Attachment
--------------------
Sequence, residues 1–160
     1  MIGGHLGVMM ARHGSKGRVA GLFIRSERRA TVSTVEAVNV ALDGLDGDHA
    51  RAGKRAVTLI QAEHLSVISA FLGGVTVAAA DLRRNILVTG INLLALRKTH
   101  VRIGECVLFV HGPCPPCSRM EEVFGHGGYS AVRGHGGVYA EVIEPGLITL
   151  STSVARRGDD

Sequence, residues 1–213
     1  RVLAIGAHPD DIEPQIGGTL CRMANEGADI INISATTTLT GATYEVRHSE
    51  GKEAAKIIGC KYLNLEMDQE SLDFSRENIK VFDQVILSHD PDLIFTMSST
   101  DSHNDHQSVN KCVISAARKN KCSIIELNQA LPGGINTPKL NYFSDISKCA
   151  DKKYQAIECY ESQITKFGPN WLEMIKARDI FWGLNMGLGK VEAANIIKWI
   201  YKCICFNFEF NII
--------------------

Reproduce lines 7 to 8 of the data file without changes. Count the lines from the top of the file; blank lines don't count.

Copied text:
     1  RVLAIGAHPD DIEPQIGGTL CRMANEGADI INISATTTLT GATYEVRHSE
    51  GKEAAKIIGC KYLNLEMDQE SLDFSRENIK VFDQVILSHD PDLIFTMSST